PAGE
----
I’ve had several people come up to me lately and ask me what the deal is with hashtags. You know, when you see #anything on Twitter.

It’s kind of a weird question. I remember when I first got on Twitter back in 2009, and I asked my friend Ed why some things had the pound sign. “They’re hashtags,” he said. “I think they’re dumb and I don’t use them.” So I didn’t either, for the most part. Obviously at some point I picked up on what they were and how to use them properly (and how I cringed when I read my Twitter archive and saw the hashtags I thought were oh so clever). But for a social media marketer, explaining hashtags is like explaining the color blue, or the smell of lemons. How do you really quantify something that comes pretty innately to you now?

I’ve turned it over in my mind and parsed out that there are three basic ways to use hashtags on twitter in the present day.

1. Topics: Some people really do use hashtags to follow specific topics. For example, when I’m tweeting for @acfusa, I frequently use #hunger and #malnutrition, as these are major topics we cover and a fair portion of the other tweets with these tags come from other organizations who may be of interest to our constituency. Although the original intent of the hashtag was to allow a user to explore tweets on a given topic, I’d argue that these have sunk to the bottom of the barrel in terms of usefulness, overall.

2. Chats/Campaigns: The most major use of hashtags these days happens for following twitter chats and campaigns. Although their goals are different, I’m lumping these together because they work the same way – you follow a tag that a person or organization has developed for a specific period of time, and the tag is not necessarily intuitive. For example, I’m about to start following #PoCChat. Would anyone think to follow this without researching it or seeing it somewhere? Probably not, but several marketers know about it and participate. Most chats have a set time during the week when they occur, but it’s not uncommon to see people tweeting with the tag outside of those hours, at lower frequency. For campaigns and contests, brands will often invent a hashtag and use it to capture tweets and measure reach. Weight Watchers does a pretty cool campaign with Action Against Hunger every year called Lose for Good, and a significant part of the campaign (and resulting donation) is spending one day tweeting with a hashtag and spreading awareness of global hunger issues. #Kony2012 is another great example of a campaign hashtag.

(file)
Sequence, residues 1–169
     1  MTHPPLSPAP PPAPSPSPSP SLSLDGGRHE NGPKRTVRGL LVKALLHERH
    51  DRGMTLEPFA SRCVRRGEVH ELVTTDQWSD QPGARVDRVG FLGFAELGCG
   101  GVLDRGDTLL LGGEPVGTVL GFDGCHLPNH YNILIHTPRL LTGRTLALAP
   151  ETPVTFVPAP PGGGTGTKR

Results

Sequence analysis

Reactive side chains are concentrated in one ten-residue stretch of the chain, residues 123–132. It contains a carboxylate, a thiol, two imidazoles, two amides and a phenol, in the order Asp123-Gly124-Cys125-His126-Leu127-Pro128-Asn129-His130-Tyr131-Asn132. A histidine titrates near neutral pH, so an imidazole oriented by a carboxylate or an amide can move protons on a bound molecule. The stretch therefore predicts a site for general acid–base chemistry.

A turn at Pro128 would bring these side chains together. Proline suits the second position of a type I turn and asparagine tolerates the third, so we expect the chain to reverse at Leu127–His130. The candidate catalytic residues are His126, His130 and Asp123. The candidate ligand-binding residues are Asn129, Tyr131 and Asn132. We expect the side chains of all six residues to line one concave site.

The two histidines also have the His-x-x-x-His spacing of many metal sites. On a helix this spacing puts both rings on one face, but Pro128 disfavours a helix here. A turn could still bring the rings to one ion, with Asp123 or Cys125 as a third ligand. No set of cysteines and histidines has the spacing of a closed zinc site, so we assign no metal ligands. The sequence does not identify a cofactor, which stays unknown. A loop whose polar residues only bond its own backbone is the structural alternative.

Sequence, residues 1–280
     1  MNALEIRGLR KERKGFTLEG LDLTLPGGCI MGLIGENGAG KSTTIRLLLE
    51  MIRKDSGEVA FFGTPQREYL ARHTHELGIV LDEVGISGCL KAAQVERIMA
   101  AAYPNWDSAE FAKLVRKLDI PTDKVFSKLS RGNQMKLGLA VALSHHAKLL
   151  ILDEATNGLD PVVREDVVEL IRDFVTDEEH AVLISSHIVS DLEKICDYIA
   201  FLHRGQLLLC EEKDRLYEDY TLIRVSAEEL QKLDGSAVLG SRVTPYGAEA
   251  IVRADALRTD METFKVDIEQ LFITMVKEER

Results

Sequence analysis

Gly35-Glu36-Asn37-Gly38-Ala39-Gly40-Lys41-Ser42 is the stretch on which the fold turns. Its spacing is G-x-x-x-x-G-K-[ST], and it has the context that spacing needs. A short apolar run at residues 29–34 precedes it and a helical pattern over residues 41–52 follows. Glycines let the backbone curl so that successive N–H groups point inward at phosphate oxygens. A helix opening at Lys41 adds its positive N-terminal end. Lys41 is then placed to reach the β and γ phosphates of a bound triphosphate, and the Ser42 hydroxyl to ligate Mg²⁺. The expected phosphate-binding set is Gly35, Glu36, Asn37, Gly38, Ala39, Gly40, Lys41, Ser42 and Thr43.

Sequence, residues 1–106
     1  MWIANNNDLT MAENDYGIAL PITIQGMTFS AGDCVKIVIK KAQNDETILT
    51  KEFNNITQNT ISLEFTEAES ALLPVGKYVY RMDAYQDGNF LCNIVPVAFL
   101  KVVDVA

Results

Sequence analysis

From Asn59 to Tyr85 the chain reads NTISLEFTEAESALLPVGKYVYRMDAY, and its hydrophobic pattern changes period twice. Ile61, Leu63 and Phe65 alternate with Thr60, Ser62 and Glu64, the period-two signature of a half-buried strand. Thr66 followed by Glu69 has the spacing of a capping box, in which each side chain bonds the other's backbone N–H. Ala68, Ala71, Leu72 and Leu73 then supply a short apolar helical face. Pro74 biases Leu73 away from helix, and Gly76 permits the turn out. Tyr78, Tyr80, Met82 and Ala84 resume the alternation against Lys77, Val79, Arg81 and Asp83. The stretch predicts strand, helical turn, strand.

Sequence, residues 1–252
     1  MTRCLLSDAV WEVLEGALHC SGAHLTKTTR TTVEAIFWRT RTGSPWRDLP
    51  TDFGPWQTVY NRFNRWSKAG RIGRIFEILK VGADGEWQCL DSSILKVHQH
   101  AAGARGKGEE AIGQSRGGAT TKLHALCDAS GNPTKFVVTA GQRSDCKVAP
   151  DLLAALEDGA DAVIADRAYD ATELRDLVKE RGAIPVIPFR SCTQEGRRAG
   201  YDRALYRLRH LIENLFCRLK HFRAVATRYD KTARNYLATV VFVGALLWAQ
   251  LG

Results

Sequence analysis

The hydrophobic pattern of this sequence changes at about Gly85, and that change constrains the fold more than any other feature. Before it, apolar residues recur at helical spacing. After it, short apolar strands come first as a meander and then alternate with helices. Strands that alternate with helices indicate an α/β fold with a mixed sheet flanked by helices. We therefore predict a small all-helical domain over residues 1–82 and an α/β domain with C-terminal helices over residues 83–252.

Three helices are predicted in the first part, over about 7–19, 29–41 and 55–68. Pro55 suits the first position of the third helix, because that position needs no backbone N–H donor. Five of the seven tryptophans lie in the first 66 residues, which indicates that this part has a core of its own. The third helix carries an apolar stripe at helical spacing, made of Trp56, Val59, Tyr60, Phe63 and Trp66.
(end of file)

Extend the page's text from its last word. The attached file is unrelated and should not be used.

3. Snark: On the more social side of twitter, hashtags have mostly been relegated to convey snark. During the brief moment when Charlie Sheen was all over the news with some pretty bizarre behavior, it became amusing (for maybe fifteen seconds) to tweet about something dumb you’d done with #winning attached. Similarly, I see tweets in my personal timeline hashtagged #fail. When I google something particularly odd, I’ll sometimes tweet it with #ThingsIAmGoogling. It sounds strange out of context, but when you’re using twitter for light social interaction, it works well.

As an aside, I’ll say I would have preferred they keep hashtags off of Facebook, but that decision’s been made and there’s no going back, I suppose. If you want my advice, I’d still tell you to keep them off. They are weird for digital natives and likely confusing for older users of Facebook who haven’t been exposed to the Twitter ecosystem.

Anything I’m missing? Do you use hashtags completely differently? Let me know in the comments!